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Area Development Agreement – Everything You Should Know as a Franchisee

Area Development Agreement – Everything You Should Know as a Franchisee

Area Development Agreement – Everything You Should Know as a Franchisee

There are other types of franchising agreements that you can take aside from purchasing a single-unit franchise. One of them is the Area Development Agreement (ADA). This article aims to give you all the information you need to decide whether an ADA is the right choice for you.

What is an Area Development Agreement?

An Area Development Agreement (also referred to as Multi-Unit Development Agreement) is a type of agreement made with a franchisor which states that a franchisee must open a certain number of franchise units in a particular area within a set timeframe.

Instead of acquiring just a single franchise, you enter into the franchise contract with the intention of acquiring more units over time. In order to get the rights to open multiple units, you need to pay a development fee along with the initial franchising fee. With this agreement, the franchisor ensures that no other franchisee can open a franchise within the same area while your contract is still active.

The required development fee is usually non-refundable. A pro-rata basis is also applied when computing for the unit franchise fees of the succeeding franchise units. This agreement lets the AD purchase multiple franchise units for a lower price.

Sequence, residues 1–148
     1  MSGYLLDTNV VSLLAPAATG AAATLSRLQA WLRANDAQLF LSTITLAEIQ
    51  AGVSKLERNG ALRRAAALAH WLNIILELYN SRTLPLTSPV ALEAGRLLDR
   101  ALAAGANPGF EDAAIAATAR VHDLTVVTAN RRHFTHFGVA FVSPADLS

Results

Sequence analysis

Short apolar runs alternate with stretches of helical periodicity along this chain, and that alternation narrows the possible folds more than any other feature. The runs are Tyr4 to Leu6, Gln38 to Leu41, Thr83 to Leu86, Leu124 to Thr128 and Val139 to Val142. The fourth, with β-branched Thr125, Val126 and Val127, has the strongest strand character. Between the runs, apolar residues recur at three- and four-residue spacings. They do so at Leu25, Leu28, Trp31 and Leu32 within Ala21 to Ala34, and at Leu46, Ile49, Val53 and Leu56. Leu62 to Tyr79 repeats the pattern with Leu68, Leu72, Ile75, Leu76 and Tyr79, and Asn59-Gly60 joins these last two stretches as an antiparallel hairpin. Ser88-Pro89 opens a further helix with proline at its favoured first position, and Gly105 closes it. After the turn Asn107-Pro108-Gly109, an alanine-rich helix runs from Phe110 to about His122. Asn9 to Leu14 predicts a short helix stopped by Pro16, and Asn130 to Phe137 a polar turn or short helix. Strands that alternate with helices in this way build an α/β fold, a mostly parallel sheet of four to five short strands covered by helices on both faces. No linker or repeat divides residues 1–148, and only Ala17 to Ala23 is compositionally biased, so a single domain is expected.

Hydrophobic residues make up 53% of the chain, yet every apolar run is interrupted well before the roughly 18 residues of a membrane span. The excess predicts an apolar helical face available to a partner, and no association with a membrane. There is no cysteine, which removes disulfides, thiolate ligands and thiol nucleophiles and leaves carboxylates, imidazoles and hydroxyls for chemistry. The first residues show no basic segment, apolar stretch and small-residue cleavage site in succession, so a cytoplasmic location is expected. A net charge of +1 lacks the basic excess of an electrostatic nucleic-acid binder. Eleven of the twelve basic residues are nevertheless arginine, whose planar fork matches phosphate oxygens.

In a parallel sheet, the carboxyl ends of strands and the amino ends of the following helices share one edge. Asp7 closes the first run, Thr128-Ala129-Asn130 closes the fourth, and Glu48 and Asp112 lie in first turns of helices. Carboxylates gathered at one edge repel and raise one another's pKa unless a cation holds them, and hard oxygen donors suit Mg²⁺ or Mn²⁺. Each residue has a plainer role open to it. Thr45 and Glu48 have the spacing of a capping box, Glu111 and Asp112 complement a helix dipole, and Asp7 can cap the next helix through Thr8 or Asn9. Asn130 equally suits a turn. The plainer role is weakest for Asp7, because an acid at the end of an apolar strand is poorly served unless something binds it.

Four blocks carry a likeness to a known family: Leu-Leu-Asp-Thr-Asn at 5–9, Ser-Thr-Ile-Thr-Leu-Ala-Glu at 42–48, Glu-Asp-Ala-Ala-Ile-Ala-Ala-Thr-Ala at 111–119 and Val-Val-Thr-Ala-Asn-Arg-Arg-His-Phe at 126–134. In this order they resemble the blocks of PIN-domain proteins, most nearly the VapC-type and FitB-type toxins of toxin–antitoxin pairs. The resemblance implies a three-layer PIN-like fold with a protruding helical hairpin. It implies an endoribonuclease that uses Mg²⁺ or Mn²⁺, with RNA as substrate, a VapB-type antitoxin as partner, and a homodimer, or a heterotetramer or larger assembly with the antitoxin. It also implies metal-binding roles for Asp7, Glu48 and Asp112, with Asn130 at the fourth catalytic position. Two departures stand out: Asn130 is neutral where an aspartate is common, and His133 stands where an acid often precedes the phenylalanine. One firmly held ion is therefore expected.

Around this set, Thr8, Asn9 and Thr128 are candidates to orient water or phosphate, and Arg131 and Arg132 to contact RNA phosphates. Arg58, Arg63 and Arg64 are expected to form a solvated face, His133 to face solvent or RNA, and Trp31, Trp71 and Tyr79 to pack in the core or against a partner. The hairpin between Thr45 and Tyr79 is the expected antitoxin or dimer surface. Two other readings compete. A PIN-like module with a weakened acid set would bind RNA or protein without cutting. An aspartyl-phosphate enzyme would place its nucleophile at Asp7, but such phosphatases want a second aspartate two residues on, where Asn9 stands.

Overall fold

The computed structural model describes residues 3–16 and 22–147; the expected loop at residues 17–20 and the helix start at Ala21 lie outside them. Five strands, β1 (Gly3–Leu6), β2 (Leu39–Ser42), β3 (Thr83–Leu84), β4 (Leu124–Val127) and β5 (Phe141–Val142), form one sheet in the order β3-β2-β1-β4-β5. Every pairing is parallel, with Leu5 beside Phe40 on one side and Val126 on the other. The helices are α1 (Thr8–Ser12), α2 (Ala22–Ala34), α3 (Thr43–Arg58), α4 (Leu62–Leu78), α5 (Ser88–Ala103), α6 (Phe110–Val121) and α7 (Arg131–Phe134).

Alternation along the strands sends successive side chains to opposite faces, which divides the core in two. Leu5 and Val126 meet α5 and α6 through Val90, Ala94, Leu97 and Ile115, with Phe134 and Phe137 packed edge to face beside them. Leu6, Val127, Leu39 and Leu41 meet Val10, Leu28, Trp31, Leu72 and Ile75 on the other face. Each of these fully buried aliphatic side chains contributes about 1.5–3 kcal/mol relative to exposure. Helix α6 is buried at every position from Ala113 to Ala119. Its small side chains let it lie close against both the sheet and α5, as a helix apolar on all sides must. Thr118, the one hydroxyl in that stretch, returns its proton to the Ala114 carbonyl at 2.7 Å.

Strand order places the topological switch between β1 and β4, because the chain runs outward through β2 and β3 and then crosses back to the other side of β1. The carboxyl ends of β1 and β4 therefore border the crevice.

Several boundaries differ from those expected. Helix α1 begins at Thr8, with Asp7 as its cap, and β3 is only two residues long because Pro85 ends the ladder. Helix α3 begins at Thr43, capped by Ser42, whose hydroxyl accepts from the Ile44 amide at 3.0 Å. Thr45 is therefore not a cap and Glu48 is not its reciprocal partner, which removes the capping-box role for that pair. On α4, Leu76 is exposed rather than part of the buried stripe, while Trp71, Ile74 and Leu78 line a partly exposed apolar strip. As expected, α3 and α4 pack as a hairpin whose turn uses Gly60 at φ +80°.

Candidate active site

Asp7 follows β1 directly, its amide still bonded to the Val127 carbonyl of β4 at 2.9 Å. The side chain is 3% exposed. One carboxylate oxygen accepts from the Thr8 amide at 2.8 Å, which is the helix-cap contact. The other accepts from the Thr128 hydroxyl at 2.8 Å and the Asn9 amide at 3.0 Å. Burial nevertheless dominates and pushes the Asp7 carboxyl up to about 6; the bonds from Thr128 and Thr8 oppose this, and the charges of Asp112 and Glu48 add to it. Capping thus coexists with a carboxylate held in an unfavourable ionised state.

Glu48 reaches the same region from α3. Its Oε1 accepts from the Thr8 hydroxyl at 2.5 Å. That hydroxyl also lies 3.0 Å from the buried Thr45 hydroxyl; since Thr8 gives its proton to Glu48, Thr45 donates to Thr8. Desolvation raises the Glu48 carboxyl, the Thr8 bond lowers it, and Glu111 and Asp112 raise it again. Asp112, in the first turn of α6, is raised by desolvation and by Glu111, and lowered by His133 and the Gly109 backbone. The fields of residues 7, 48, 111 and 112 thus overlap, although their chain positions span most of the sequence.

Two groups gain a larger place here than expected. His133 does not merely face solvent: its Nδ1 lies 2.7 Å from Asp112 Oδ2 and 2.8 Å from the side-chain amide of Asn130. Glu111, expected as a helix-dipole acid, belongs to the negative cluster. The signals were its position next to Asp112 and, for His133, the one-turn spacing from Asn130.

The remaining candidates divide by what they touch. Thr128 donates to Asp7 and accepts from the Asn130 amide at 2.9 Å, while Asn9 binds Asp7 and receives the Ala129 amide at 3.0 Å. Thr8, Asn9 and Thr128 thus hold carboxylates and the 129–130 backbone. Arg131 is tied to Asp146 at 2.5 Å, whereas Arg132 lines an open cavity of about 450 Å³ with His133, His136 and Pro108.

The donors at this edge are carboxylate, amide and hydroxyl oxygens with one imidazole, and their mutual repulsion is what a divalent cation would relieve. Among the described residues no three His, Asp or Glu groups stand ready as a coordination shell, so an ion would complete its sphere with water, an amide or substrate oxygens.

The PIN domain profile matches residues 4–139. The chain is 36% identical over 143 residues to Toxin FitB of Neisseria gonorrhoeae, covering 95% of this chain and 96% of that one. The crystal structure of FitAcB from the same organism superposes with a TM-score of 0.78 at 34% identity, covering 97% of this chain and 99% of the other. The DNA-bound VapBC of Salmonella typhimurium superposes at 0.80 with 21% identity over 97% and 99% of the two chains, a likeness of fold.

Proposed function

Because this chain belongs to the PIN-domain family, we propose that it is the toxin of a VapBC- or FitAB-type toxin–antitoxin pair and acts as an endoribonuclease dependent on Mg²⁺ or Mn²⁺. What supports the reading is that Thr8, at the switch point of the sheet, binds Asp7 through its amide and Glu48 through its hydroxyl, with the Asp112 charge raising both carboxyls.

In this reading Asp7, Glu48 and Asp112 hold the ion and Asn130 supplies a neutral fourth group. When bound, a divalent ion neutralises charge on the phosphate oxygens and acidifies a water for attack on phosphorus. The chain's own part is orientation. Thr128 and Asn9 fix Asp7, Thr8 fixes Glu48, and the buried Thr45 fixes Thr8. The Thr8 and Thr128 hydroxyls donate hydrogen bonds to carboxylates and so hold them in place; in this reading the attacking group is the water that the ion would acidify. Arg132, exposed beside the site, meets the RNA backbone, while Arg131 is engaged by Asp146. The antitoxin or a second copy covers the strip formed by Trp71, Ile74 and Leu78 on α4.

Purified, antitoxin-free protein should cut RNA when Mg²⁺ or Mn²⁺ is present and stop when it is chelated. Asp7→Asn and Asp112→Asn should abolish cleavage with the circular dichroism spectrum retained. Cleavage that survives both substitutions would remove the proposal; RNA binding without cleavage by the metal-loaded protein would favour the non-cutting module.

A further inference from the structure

An Area Developer (AD) owns all the franchise units that will be opened under the stipulations of the agreement. His main duties are making sure to open the agreed upon number of units according to schedule and supporting the operation and growth of these units, the terms of each individual franchise agreement will be applied.

What Is the Difference between an Area Development Agreement and a Master Franchise Agreement (MFA)?

A Master Franchise Agreement is pursued by a franchisor for areas where he wants to introduce his business but has very limited knowledge of the market environment. In this type of agreement, a Master Franchiser (MF) takes on the role of a franchisor (upon paying a larger investment) and assumes the franchisor’s responsibilities (e.g. assistance with financing, training, site selection, etc.) including the ability to sell the franchise to other interested parties. In return, the MF gets additional revenue from initial franchise fees and his share in the royalties.

One major difference between the two agreements is the cost. An AD does not pay the high investment fees required from an MF, however, he also does not reap as much revenue. An AD’s earnings are mostly from sales profit his branches obtain.

One advantage ADs have is not having to fulfill franchisor-related obligations. It is still the franchisor who handles the different aspects of business marketing and support while the AD focuses on expanding his business and buying more franchises.

When should you consider entering an ADA?

Interested in owning multiple franchise units? Are you confident that you can maximize your profits and growth within your chosen area? Then an ADA might work well for you. However, you should plan out how you’ll finance your target number of units so they’ll be up and running within the set schedule.

Why Should You Consider an ADA?

Some of the major benefits that you’ll get if you enter an ADA are: